Bioinorganic chemistry, the study of metal ions and their applications in biological systems, is a highly multidisciplinary field that lies at the crossroads between the physical and life sciences. Although life is traditionally considered ‘organic’ (the elements C, H, N, and O account for over 95% of the mass of a typical human body), metal ions and inorganic materials play vital roles in biology, the environment, and medicine. Approximately 40% of all currently known enzymes contain a metal ion at their active site, and medicinal chemistry is heavily reliant on metal ions in therapeutics such as antibiotics and anticancer agents. Certain bacteria use metal-containing enzymes to extract energy from H2, and to convert atmospheric CO2 into a carbon feedstock for synthesising more complex molecules. Understanding how these processes work and can be exploited is critical.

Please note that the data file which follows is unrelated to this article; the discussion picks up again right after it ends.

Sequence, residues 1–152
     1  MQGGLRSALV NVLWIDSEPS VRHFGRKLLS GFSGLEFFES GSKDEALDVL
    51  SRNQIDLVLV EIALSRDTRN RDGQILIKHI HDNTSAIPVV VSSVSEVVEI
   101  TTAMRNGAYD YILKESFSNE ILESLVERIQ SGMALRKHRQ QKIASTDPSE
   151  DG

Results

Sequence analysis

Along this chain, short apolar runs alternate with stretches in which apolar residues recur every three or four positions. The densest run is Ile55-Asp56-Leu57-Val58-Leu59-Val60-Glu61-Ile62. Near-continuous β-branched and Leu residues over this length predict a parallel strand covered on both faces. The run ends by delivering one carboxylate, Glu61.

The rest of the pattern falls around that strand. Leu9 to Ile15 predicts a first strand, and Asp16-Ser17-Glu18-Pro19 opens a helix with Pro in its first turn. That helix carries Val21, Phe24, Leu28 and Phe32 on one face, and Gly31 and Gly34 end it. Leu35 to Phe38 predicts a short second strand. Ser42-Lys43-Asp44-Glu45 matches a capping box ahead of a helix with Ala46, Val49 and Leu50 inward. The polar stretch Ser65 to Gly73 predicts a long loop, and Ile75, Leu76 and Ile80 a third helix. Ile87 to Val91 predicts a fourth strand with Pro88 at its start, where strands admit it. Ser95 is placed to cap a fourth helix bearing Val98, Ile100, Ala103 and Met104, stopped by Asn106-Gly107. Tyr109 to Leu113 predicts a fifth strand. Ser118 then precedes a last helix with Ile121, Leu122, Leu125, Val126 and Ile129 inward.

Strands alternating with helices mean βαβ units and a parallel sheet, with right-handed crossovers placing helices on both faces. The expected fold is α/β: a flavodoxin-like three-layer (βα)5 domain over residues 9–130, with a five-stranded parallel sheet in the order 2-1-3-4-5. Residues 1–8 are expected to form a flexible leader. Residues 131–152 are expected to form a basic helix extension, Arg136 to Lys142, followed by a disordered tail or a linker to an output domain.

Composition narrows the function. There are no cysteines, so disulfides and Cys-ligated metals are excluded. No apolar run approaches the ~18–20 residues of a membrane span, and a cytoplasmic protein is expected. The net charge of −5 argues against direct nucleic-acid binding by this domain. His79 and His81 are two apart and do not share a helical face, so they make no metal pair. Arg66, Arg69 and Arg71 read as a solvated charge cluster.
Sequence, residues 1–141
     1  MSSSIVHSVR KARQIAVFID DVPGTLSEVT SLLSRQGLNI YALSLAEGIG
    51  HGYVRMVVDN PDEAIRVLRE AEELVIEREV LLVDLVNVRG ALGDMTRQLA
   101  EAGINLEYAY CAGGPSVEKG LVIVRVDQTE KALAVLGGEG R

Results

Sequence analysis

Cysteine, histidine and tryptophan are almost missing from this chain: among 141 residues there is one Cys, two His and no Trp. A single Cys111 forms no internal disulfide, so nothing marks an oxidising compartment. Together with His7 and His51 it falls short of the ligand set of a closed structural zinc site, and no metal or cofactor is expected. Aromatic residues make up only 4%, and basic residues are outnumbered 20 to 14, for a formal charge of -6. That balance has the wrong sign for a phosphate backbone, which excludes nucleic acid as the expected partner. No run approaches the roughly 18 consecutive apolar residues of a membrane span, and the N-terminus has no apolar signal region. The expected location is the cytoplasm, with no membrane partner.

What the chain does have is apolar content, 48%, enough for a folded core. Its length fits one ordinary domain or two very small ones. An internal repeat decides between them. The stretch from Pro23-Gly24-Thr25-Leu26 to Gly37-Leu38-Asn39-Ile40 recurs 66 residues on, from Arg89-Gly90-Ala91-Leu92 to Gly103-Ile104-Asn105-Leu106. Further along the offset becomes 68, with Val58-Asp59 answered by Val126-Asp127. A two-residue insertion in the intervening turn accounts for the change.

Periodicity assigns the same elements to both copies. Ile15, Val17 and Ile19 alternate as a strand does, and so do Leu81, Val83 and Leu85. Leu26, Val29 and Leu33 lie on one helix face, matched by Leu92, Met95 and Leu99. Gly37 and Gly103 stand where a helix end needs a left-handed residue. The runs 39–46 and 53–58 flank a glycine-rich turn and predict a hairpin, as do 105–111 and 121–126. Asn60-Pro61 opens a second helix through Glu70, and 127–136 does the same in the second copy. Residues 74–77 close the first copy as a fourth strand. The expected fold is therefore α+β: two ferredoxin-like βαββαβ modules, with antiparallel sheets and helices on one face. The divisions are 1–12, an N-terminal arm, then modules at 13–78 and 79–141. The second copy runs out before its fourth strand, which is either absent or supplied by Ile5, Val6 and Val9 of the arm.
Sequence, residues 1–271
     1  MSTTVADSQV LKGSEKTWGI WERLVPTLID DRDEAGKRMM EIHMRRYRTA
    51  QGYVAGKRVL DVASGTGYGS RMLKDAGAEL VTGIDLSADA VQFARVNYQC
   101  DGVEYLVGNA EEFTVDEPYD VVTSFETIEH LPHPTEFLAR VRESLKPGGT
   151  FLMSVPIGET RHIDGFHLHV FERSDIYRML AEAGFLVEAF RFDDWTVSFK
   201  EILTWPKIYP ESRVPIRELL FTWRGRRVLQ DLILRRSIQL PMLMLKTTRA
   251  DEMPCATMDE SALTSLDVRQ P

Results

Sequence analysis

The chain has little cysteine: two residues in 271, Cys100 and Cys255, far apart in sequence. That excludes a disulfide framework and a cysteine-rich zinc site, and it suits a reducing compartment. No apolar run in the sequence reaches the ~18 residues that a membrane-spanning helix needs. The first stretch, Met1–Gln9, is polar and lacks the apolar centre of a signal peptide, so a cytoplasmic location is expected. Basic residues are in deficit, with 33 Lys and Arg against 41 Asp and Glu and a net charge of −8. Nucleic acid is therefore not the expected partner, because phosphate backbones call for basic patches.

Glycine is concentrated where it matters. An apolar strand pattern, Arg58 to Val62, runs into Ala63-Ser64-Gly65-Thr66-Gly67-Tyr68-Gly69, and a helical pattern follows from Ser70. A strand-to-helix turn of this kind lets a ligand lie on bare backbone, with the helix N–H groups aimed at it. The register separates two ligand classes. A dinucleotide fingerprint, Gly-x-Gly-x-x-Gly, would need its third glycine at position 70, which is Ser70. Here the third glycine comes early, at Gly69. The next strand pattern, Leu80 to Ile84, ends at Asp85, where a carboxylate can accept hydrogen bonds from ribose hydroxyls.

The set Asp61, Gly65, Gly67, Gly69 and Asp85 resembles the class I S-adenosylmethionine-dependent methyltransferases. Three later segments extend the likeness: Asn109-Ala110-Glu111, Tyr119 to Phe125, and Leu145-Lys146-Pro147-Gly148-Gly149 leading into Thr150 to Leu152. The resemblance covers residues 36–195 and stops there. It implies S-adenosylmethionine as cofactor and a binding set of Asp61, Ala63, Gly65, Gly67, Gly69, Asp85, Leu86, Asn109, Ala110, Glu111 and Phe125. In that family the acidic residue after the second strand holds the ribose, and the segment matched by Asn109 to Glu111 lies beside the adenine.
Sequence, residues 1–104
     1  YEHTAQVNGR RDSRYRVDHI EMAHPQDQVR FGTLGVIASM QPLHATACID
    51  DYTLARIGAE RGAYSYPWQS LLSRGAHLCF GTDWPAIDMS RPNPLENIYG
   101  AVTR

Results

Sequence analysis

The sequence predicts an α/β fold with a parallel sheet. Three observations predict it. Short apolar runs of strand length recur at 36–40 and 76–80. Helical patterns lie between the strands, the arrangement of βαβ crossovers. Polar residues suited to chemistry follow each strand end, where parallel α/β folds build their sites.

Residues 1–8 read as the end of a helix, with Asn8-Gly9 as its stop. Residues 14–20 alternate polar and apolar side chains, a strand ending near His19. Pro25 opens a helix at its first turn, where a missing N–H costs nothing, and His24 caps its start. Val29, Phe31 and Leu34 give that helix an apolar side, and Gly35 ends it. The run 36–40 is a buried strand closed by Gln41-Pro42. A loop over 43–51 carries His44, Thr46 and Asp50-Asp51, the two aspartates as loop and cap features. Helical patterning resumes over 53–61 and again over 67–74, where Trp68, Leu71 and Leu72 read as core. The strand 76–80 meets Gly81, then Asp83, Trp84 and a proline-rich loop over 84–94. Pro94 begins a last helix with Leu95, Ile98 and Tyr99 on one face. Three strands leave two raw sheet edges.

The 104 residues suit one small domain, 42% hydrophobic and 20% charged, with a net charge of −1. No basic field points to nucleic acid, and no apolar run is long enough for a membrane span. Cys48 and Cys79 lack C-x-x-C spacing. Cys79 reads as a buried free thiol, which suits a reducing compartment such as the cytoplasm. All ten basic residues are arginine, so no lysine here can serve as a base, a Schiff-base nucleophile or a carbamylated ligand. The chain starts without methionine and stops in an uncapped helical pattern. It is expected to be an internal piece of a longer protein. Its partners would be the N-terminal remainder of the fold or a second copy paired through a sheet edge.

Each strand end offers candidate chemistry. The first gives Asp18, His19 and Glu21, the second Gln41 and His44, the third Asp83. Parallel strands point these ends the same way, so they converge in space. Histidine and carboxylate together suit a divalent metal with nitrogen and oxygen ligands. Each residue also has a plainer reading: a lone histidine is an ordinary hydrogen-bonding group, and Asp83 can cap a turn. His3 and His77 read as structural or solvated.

Bioinorganic chemistry research at the University of Leicester is wide-ranging, providing insight into structure-activity based approaches for developing anticancer metal complexes, probing the interaction of metal complexes with DNA and proteins, assessing the therapeutic potential of metal complexes against cancer cells, developing advanced spectroscopic methods to probe enzyme mechanism, and using electrochemistry and photochemistry to control energy-relevant small molecule activation reactions.